On-line Arduino Sensors and DIY LoRa Tutorial


This online tutorial on Arduino, Sensors, and LoRa technologies has been developed by University of Pau, France, in the context of the WAZIUP and WAZIHUB projects funded by the European Union in the H2020 research program. The main objective of this online tutorial is to provide comprehensive and guided training materials to be used in training, hackathons, bootcamps, entrepreneur's days,... that are organized by WAZIUP/WAZIHUB across Africa. The main contributors are Mamour Diop, Muhammad Ehsan and Congduc Pham. Our main current research focus is on LoRa networks and IoT but this tutorial first start with basic of Arduino and sensor programming to understand sensing systems that are the foundation of so-called Internet-of-Things (IoT) concepts. Then in a second step, we will introduce LoRa radio technologies and show how to build low-cost, long-range and energy-efficient IoT devices.

WAZIUP is a technology-driven EU-Africa project developing a fully open source IoT end-to-end (sensors, networking and software) platform, specialized to meet African needs/applications in terms of cost, energy, internet connectivity and simplicity. Congduc Pham is the scientific leader of the "Open IoT sensing and communication platform" workpackage which tasks are to develop an open, low-cost and long-range LoRa IoT framework. Interested readers can find many resources from our github on the low-cost LoRa IoT framework and from Congduc Pham's tutorial/talks web page.

WAZIHUB (in Swahili for Open-Hub) is an innovation project for Africa aiming to create an open hub of IoT and Big data cutting-edge and African grade solutions, co-designed by African people. The vision of WAZIHUB is to exploit IoT potential and share IoT technologies best-practices through the involvement of innovation communities and stakeholder (e.g. young entrepreneur (including woman), startup, developer, innovation hub) from local district, regional, national and African-wide. The project aims to enable the creation of Open Hubs throughout Africa where IoT technology solutions can then be adapted to match local service needs. The project goal is to iterate and extract value from spining-off value-added IoT innovative services (e.g. monitoring, controlling, data analytic) based on the technologies developed in WAZIUP.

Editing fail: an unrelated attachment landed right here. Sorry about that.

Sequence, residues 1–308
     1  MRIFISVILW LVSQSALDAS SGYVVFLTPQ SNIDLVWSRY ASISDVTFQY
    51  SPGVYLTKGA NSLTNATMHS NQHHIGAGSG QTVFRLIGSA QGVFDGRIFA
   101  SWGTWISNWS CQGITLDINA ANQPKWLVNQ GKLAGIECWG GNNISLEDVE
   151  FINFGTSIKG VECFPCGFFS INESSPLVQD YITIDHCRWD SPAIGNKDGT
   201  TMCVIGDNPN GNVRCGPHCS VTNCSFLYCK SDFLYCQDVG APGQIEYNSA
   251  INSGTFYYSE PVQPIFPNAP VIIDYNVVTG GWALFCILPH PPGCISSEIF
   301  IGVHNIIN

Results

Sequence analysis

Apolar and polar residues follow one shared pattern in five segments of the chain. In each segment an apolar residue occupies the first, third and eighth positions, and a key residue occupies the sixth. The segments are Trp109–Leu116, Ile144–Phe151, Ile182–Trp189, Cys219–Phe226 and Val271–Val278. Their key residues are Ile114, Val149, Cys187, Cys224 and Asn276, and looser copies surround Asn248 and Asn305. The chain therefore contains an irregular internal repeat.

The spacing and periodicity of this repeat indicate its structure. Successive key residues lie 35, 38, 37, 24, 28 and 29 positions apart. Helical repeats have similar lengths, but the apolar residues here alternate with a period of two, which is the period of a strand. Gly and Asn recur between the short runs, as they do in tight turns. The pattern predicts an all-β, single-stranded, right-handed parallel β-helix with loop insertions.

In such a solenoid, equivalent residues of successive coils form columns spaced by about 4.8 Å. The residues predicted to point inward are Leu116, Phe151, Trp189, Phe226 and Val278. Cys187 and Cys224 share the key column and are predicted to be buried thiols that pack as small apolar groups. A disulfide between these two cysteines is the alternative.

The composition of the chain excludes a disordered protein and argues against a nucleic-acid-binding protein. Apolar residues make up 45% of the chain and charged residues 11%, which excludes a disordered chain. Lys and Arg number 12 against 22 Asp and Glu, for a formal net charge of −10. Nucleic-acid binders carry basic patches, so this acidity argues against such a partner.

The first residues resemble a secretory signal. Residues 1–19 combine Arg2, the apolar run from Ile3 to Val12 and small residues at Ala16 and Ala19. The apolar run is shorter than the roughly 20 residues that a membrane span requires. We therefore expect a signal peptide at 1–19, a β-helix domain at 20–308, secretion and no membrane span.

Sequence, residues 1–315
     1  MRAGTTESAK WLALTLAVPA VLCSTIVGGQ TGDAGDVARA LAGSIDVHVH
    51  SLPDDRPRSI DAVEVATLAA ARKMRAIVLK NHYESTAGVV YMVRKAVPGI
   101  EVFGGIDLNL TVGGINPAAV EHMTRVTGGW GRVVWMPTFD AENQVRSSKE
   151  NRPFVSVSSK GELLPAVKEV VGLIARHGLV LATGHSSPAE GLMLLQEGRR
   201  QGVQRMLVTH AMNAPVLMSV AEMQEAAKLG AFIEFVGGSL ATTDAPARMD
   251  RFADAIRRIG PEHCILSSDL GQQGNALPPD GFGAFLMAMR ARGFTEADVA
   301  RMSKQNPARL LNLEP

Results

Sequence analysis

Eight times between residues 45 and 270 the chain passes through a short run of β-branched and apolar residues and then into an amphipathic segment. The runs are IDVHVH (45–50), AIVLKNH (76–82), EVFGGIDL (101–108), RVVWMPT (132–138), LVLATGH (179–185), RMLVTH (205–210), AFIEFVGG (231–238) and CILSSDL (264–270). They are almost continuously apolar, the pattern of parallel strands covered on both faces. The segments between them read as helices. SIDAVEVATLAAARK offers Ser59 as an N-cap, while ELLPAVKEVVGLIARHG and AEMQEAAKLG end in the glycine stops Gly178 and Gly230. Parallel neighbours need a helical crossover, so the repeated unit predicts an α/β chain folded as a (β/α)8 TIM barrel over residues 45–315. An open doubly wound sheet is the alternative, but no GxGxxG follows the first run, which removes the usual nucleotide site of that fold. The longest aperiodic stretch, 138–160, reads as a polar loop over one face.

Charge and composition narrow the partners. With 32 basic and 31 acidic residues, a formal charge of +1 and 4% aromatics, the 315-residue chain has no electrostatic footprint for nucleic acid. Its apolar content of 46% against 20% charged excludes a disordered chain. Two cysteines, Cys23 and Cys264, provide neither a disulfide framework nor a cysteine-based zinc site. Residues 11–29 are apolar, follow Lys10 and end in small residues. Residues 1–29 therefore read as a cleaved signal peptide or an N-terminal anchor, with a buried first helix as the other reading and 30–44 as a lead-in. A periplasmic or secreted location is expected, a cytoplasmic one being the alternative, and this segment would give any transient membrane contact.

Getting Started With Sensors

A device that detects the changes in electrical or physical or other quantities and thereby produces an output as an acknowledgement of change in the quantity is called as a Sensor. Generally, this sensor output will be in the form of electrical or optical signal.

The world is full of sensors: from passive infrared sensors in motion detectors, to carbon monoxide detectors in air conditioning systems, and even tiny accelerometers, GPS modules, and cameras inside your smartphone and tablet—sensors are everywhere! The variety of sensor applications is remarkable. Thanks to the proliferation of mobile devices, sensors are now remarkably affordable, meaning you can combine inexpensive sensors and microcontroller boards to make your own devices.

In this tutorial, we will learn how to process sensor data with Arduino popular microcontroller development boards for electronics enthusiasts. With the ability to control components such as buzzers, LED’s, servos, motors, LCD’s,... through analog and digital pins, Arduino boards have become the go-to selection for users that are looking to start into electronics, firmware coding, or automation. For more details visit the Arduino web site.

For users who want to go further and understand in more details sensor technologies, they can have a look at this page on Sensors and Transducers from www.electronics-tutorials.ws. Then, they can also look at this very interesting Adafruit tutorial on sensor calibration.

What is Arduino?

Arduino is an open-source platform designed for artists, designers, hobbyists, hackers and anyone interested in creating interactive objects or environments. It consists of a circuit board, which can be programed (referred to as a microcontroller) and a software called Arduino IDE (Integrated Development Environment), which is used to write the computer code and upload this code to the physical board.